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Salako or Badameà, sketch grammar, texts and lexicon of a Kanayatn dialect in West Borneo (review)

Salako or Badameà, sketch grammar, texts and lexicon of a Kanayatn dialect in West Borneo (review) K. Alexander Adelaar. 2005. Salako or Badameà, sketch grammar, texts and lexicon of a Kanayatn dialect in West Borneo. Frankfurter Forschungen zu Südostasien 2. Berlin: Harrasowitz Verlag. vii + 328 pp. ISBN 3-447-051012-7. 78, hardcover. The Salako language, spoken in parts of West Kalimantan and Sarawak, is accepted as belonging to the Malayic family (Adelaar 1992a), but despite this linguistic af²liation, Salako speakers are culturally far removed from present-day Malay groups in Western Indonesia due to the preservation to their traditional lifestyle and religion until relatively recently. The Salako are, of course, not the only "Dayak" people of Kalimantan to be counted in the Malayic family; other such groups include the Iban and the Kendayan. But in contrast to the better-documented Iban language, Salako had not received suf²cient attention from linguists prior to Adelaar's earlier publications, especially in regard to grammar and morphology. The present grammar thus represents the ²rst attempt at offering a more holistic picture of the Salako language, and ²lls an important gap in our knowledge of the Malayic family and the linguistic landscape of West Kalimantan. The grammar, however, as stated in the title, is only a sketch. It covers the fundamental points of http://www.deepdyve.com/assets/images/DeepDyve-Logo-lg.png Oceanic Linguistics University of Hawai'I Press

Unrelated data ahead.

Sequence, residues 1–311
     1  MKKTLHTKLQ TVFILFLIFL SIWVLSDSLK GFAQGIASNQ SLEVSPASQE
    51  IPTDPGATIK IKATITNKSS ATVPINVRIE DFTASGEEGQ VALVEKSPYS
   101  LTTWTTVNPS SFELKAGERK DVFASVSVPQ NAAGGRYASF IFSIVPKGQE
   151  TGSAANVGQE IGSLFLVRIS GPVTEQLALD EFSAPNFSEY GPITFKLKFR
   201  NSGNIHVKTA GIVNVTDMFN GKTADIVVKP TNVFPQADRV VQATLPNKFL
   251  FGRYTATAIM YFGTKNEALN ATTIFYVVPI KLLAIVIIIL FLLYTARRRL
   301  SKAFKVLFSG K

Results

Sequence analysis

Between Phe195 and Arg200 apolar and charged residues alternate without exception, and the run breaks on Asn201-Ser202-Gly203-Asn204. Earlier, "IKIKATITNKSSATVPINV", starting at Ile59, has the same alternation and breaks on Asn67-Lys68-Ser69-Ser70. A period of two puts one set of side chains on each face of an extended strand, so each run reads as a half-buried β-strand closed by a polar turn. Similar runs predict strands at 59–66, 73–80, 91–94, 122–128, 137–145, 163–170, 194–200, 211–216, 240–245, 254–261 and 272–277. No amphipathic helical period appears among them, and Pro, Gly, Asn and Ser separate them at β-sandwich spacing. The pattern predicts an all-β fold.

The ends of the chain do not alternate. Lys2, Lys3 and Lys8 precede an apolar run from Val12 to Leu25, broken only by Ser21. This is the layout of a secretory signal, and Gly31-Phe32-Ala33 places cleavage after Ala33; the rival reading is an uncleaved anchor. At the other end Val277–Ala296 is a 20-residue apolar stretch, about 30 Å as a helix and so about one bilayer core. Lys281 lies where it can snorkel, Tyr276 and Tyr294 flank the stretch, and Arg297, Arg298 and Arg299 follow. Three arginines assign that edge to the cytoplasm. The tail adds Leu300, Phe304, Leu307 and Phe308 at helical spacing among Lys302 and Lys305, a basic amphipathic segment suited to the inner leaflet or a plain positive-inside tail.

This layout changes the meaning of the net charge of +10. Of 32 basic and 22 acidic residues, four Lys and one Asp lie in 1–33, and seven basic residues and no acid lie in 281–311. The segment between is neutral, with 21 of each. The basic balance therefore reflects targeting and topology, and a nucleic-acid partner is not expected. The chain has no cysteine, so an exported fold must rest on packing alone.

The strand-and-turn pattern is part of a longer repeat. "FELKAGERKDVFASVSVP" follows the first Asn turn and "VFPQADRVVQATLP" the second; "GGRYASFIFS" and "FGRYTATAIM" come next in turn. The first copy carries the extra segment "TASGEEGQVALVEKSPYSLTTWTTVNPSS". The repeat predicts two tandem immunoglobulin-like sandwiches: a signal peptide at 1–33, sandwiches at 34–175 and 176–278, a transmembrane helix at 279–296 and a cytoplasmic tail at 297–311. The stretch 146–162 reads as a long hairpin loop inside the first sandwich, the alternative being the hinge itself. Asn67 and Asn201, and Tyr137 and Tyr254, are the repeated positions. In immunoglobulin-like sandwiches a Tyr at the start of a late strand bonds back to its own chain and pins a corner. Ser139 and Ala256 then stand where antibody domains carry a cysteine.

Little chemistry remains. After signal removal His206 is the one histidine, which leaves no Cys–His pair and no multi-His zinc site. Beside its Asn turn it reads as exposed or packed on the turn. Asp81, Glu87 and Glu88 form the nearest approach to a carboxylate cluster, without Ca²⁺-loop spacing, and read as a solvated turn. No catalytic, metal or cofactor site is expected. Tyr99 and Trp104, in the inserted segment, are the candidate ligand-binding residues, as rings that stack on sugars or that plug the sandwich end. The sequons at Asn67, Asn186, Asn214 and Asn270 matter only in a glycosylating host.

Salako or Badameà, sketch grammar, texts and lexicon of a Kanayatn dialect in West Borneo (review)

Oceanic Linguistics , Volume 46 (2) – Jan 3, 2007

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Publisher
University of Hawai'I Press
Copyright
Copyright © 2007 University of Hawai'i Press. All rights reserved.
ISSN
1527-9421
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Abstract

K. Alexander Adelaar. 2005. Salako or Badameà, sketch grammar, texts and lexicon of a Kanayatn dialect in West Borneo. Frankfurter Forschungen zu Südostasien 2. Berlin: Harrasowitz Verlag. vii + 328 pp. ISBN 3-447-051012-7. 78, hardcover. The Salako language, spoken in parts of West Kalimantan and Sarawak, is accepted as belonging to the Malayic family (Adelaar 1992a), but despite this linguistic af²liation, Salako speakers are culturally far removed from present-day Malay groups in Western Indonesia due to the preservation to their traditional lifestyle and religion until relatively recently. The Salako are, of course, not the only "Dayak" people of Kalimantan to be counted in the Malayic family; other such groups include the Iban and the Kendayan. But in contrast to the better-documented Iban language, Salako had not received suf²cient attention from linguists prior to Adelaar's earlier publications, especially in regard to grammar and morphology. The present grammar thus represents the ²rst attempt at offering a more holistic picture of the Salako language, and ²lls an important gap in our knowledge of the Malayic family and the linguistic landscape of West Kalimantan. The grammar, however, as stated in the title, is only a sketch. It covers the fundamental points of

Journal

Oceanic LinguisticsUniversity of Hawai'I Press

Published: Jan 3, 2007

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